I don't mean to brag, but I've got lots of time to read right now. Don't get me wrong, life still feels a bit chaotic between being home with the girlies over the summer and teaching my course, but at the end of the day I can read. No papers to write about childbirth, reproductive organs, or labour support. No births to run out to. I can open an actual book and just read.
I wanted to share with you what I'm reading this summer, you know, in case you were looking for suggestions.
Stir by Jessica Fechtor
I've already completely devoured this book and I think you should, too. Jessica writes Sweet Amandine, a food blog I've loved for years. We've met online a few times so I'm going to call her my friend, mostly because I'm so proud and excited about her beautiful book. It's a memoir about the time in her life when her brain broke (I think the technical term is a brain aneurysm) and how she slowly healed with the help of food. Not just in the way you might think. She certainly needed to eat nourishing food to return to a state of health, but healing also came through all those wonderful things that are tied up so closely with the food we eat--memories, feelings, hopes, delight, and the anticipation that comes from creating with food to share with others. Jessica was fed in so many different ways in the years that followed her aneurysm. There were so many passages I wanted to highlight and pages I wanted to dog-ear, but sadly my copy was from the public library. This will be remedied shortly as I need to own this book. Did I mention it's also filled with recipes?
The Goldfinch by Donna Tartt
I chose this for the first meeting of our book club and then promptly forgot to read it. By the time we were set to get together for our first meeting I had read only 300 pages. Ordinarily reading that many pages would suggest that I'd finished a book, but no, not this one, because it pushes well beyond 700. But I'm not giving up! So far I'm enjoying the writing, though it's a bit sad (orphaned children will do that to you). I'll check back in once I'm actually done the book. Sometime in October.
Why Be Happy When You Could Be Normal? by Jeannette Winterson
I'm swooning over memoirs this summer and I'm excited to read this one. I remember back in university when a good friend bought me Oranges Are Not the Only Fruit, and I fell hard for Jeannette Winterson, only promptly to forget about her until I saw her memoir on a list of books to read somewhere on the internet. (I can't for the life of me remember where. You're welcome.) I think I'm drawn to good memoirs for the kind of storytelling that makes me imagine that I could do things differently in my own life. Motivation, inspiration, sometimes a kick in the pants to wake up and see my life with new eyes, these are memoirs for me.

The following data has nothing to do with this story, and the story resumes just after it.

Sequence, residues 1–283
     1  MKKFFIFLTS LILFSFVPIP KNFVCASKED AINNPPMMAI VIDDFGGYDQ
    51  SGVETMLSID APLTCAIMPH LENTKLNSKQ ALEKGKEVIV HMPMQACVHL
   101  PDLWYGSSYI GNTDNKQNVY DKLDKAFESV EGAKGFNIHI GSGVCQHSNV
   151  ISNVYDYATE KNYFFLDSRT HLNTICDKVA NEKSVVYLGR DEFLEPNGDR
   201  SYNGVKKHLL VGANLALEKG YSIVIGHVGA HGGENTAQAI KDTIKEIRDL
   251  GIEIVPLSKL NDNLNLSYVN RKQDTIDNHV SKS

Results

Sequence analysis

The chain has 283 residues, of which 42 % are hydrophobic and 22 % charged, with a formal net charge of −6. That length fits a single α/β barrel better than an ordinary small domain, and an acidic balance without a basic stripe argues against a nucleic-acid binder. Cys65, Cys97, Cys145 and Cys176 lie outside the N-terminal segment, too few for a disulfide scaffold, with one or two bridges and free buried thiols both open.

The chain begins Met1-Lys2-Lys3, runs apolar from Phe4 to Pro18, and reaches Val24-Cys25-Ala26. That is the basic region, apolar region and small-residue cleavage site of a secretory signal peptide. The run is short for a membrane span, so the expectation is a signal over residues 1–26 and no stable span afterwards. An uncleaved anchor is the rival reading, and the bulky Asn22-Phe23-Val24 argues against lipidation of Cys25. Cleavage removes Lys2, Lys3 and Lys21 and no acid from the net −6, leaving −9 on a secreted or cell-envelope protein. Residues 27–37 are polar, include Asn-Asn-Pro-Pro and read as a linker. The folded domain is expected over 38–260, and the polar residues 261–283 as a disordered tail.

The Gifts of Imperfection by Brene Brown
I'm just going to assume that you've seen Brene Brown's TED talk that went viral a couple of years ago. Just in case you were hiding under a rock, you can find it here. Brown studies shame and wholeheartedness (the opposite of shame). I read this book two years ago but I need a reminder to let go of shame as I'm trying so hard to make big changes in my life. I feel such shame when I stumble around trying to create better habits and to live intentionally (it's all part of being exceedingly hard on myself). This book brings makes me feel all the feelings.
Yes Please by Amy Poehler
Just go read this book. She's sharp, thoughtful, and hilarious. I adore how she shares her own version of the writing process and how she doesn't put herself down to be funny. I've only read the first two chapters and it's already one of my all-time favourites. I'm convinced we would be best friends, which isn't creepy at all.
The Immortal Life of Henrietta Lacks by Rebecca Skloot
This book isn't pictured above because I started reading it on my trip to Vancouver and like a dork left it in my sister's room. It is such a great book I made them mail it back to me in Toronto so I can finish it. Skloot tells the story of Henrietta Lacks, a young black woman in Maryland who unknowingly donated some of her cancerous cells before she died (they were taken without her consent). And why do we care about her cells? Because these cells, called HELA cells now, are still living and growing today, being used by researchers all over the world to develop vaccines and cure diseases. No biggie. Skloot introduces the world to the woman behind the cells and tells many people's stories in the process.
What are you reading this summer?